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Spiritual Meditations ( 16 May 2013, NewAgeIslam.Com)

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Maulana Azad’s Commentary on Surat-ul-Fatiha


By Maulana Abul Kalam Azad

Al-Fatiha:  The Opening

Revealed at Mecca ---- 7 Verses


1.       Praise is for Allah only --  The Lord of All Being !

2.       The Benevolent, the Merciful!

3.       Master on the Day of Recompense!

4.       Thee only do we serve and Thee only do we ask for help.

5.       Direct us to the Straight Path ---

6.       The path of those to whom Thou has been gracious, ---

7.       Not of those who have incurred Thy displeasure, nor of those who have gone astray.

Let us, for a moment, look at the Surat-ul-Fatiha as a whole and see what type of mind it reflects or tries to build.

Here is a person singing the praise of his Lord. But the Lord he praises is not the Lord of any particular race or community or religious group but Lord of all the worlds, Rabb ul-Aalameen, the source of sustenance and mercy uniformly for all mankind. The devotee invokes God in the name of His attributes. But of all His attributes, those of mercy and justice particularly strike his mind, as if Divinity manifests itself for him wholly in Divine justice and mercy, and that all that he knows of his God is nothing except that his God is just and merciful. And then he bows down his head in supplication and admits of his entire dependence on his Lord. He utters: “ Thee alone do I worship, and from thee alone do I seek help ”.

The devotee thus thinks of his Lord as an abiding source of all help to him in life and discards every thought of dependence on any other. Thus strengthened in spirit, he thinks of his duty in life. He feels that he must pursue his life in a manner pleasing to his Lord. He therefore asks of God to give him the urge to pursue his life. This is his primary prayer. He therefore asks of his Lord to show and keep him to the path which is straight – the path trodden by those with whom God was always pleased.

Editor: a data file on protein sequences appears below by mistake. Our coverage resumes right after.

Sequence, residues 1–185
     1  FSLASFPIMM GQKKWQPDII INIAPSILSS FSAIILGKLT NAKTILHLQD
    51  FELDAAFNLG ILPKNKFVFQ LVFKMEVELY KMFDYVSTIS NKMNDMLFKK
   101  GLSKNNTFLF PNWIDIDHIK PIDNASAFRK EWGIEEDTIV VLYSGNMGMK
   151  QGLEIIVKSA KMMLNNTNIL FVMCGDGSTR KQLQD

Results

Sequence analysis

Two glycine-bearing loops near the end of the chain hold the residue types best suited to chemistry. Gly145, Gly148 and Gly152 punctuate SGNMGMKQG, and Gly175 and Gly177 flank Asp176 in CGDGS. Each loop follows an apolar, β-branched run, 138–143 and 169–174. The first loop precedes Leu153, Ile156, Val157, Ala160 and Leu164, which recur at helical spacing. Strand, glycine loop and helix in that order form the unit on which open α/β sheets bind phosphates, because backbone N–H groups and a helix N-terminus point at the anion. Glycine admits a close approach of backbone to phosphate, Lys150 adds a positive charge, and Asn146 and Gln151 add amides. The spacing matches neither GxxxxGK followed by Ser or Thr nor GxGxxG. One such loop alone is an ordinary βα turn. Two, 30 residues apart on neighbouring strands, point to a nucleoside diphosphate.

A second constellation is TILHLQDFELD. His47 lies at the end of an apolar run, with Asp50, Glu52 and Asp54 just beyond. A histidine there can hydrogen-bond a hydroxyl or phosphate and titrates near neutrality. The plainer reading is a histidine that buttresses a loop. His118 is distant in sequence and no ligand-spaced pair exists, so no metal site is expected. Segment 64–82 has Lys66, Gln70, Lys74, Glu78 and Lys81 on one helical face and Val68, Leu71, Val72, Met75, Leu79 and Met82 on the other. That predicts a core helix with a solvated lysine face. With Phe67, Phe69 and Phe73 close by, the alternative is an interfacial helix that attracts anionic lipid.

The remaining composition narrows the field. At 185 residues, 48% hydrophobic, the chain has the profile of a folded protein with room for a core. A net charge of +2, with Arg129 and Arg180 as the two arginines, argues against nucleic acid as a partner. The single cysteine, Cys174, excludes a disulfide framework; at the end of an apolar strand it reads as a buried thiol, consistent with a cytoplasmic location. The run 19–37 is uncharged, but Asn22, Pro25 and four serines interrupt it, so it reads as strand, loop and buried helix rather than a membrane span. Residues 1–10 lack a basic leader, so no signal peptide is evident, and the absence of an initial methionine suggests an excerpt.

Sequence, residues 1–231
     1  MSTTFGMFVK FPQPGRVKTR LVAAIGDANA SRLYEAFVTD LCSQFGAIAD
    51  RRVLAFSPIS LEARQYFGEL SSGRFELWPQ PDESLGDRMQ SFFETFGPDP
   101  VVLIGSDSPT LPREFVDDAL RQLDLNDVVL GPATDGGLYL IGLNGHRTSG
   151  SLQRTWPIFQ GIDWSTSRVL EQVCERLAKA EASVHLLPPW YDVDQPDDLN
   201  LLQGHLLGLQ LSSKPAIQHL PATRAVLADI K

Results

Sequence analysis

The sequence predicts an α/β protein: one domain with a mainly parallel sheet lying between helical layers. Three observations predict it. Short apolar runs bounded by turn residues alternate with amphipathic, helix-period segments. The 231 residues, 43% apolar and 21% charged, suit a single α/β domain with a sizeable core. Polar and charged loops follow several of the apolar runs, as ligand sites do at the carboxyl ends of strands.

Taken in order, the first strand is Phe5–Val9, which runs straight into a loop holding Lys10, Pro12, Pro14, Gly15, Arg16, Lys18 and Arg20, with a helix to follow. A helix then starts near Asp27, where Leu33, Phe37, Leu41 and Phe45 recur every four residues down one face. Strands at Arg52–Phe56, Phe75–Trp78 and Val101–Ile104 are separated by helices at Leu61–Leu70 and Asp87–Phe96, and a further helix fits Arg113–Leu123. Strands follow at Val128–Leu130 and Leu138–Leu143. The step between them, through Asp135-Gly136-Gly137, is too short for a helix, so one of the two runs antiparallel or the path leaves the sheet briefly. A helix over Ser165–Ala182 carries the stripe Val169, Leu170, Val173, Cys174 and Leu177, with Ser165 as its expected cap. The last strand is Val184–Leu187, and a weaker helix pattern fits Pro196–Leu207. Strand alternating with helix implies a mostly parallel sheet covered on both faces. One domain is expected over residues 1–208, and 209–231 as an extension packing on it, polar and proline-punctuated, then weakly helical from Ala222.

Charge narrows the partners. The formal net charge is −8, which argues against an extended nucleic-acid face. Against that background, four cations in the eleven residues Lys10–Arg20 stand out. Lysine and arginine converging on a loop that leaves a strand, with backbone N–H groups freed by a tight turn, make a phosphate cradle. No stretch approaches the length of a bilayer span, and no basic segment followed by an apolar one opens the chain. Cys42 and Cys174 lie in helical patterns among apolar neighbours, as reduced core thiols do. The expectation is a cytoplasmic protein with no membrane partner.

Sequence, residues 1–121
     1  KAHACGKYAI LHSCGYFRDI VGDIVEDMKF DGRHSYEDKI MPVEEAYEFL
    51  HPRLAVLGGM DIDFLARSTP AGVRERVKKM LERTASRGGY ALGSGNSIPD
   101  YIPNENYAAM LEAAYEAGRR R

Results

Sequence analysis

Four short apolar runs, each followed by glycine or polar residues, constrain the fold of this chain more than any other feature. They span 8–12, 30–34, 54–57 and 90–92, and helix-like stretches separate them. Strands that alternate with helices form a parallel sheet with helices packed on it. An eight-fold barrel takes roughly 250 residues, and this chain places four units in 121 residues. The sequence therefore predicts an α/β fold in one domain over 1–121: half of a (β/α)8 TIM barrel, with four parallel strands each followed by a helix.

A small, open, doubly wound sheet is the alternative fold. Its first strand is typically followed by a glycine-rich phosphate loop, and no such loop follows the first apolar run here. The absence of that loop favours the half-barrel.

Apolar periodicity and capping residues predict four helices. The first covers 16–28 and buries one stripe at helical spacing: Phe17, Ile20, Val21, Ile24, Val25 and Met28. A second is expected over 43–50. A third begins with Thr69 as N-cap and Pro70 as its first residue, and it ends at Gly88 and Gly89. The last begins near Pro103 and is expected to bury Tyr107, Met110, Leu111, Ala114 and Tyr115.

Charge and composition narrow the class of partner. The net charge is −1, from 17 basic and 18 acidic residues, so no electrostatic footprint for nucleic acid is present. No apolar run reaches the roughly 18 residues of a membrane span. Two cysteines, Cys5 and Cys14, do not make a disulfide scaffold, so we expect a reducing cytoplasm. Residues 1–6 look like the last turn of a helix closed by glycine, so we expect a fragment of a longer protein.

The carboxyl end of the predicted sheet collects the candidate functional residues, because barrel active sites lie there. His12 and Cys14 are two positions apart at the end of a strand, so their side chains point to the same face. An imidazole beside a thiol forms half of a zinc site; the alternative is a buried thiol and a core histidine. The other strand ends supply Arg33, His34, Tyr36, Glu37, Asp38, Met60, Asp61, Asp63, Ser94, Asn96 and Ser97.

That is his concept of the Straight Path. The path that he wishes to walk on is not the path devised by any particular race or by any particular community or by any particular religious group. The path that he has in view is that royal road, the Straight Path which the founders of all religions and all truthful people have walked on, whatever the age or country they belonged to. In his anxiety to keep to his path, he seeks the protection of God. He wants to be saved from either straying away from that straight path or from taking to the paths which wayward people have pursued, and while so wishing, he does not refer to the communities or religious groups to which such wayward people have belonged.

What he asks for is the privilege to walk on a path which has meant the happiness of all mankind, and not on a path which has led to their ruin.

Think it over. What type of mind does this all argue or aim to build? Whatever view one may take, this is clear that the mind which the Surat-ul-Fatiha depicts is a type of mind which reflects the beauty and mercy of God or universal humanity, the mind which the Qur’an aims to build.

An extract from ‘THE TARJUMAN AL-QUR’AN’ Vol. 1 AL-FATIHA, by Maulana Abul Kalam Azad

Edited and rendered into English by Syed Abdul Latif